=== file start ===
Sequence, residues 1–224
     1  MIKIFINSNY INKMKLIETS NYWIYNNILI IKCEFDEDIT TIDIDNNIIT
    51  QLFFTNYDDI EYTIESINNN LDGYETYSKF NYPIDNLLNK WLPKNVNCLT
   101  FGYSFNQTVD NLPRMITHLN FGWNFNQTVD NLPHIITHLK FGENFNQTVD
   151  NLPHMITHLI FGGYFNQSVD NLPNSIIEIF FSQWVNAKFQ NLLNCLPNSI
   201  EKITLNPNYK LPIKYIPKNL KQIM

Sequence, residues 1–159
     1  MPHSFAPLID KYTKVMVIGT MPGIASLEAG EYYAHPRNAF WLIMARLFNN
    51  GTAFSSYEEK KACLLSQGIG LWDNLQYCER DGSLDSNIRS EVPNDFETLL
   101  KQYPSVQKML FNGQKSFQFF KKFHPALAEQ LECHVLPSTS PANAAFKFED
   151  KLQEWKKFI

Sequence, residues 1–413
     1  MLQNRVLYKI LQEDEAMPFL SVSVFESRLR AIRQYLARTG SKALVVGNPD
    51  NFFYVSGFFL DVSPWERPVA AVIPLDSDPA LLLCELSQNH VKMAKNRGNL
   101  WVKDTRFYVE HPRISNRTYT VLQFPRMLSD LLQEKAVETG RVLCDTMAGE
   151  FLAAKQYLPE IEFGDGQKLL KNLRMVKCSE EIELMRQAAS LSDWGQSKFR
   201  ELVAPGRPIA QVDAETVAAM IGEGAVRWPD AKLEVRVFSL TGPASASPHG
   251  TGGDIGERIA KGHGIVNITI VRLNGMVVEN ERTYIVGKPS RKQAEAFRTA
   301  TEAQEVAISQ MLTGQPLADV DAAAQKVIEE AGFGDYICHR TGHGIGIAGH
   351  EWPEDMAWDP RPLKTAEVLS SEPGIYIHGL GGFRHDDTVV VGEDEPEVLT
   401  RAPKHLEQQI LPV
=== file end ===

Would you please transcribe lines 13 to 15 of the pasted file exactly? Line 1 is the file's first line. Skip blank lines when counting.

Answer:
     1  MLQNRVLYKI LQEDEAMPFL SVSVFESRLR AIRQYLARTG SKALVVGNPD
    51  NFFYVSGFFL DVSPWERPVA AVIPLDSDPA LLLCELSQNH VKMAKNRGNL
   101  WVKDTRFYVE HPRISNRTYT VLQFPRMLSD LLQEKAVETG RVLCDTMAGE